NZ: You are known for your empathetic writing, which stands in contrast to some of the other fiery voices in Haaretz. Why empathy versus anger?
BB: It is true of many Haaretz writers that you get the fire but you don’t get the warmth. But the idea I am really trying to drive home is that there is something here that is enormously strong and positive usually having to do with families, which has nothing to do with the government or ideology that people spend all their time on. Beyond it all, there is supposed to be this family of the Jewish people, after a tremendous catastrophe almost wiped it out.
NZ: You have said that you initially planned to stay in Israel just a year. Forty-three years later you’re still in Israel. Why did you stay, given your feelings about how the country has changed?
BB: Lately, it has become almost a daily occurrence to [ask], “What are we doing here?” We wake up to the news and it gets a quantum leap worse by the day. The thing is there are still wonderful people here and still wonderful things going on. They don’t cancel out the other stuff; it is almost as though there is no connection between the good stuff and the bad stuff.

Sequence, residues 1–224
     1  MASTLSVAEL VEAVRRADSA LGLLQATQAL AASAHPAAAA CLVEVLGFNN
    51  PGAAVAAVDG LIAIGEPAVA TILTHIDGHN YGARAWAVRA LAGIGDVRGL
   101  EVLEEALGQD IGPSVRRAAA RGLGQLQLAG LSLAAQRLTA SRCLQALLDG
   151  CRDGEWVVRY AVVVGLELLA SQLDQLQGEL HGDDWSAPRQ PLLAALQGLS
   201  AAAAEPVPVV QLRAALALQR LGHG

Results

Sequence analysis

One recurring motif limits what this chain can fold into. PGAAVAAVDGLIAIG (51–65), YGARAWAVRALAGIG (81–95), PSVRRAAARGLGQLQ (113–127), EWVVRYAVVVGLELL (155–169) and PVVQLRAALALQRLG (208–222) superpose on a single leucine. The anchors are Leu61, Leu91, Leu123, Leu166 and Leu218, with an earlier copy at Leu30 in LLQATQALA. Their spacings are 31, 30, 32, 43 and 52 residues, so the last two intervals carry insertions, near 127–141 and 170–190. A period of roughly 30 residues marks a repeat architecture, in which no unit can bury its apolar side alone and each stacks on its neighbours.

NZ: Have you ever thought about returning to America?
BB: Until Trump, America served as a kind of virtual life preserver to the Americans that were here and had dual citizenship. Watching how fast America can turn into the worst of Israel, with the speed and the overarching scope of all of the things that Trump is ruining day by day, it really changes your perspective. It is no longer a life preserver, it is a version of the same thing. It may be reversible but I am yet to be convinced, especially because some of the same elements that are so weak here in the left are showing themselves in the left in America: the divisiveness and the self-criticism, which becomes paralysis.
NZ: You are emblematic of the generation of American Jews who believed moving to Israel was an expression of liberal values. Today many left-leaning American Jews would likely see the same act as a negation of their values. Looking back, does this change how you think about your decision to come to Israel?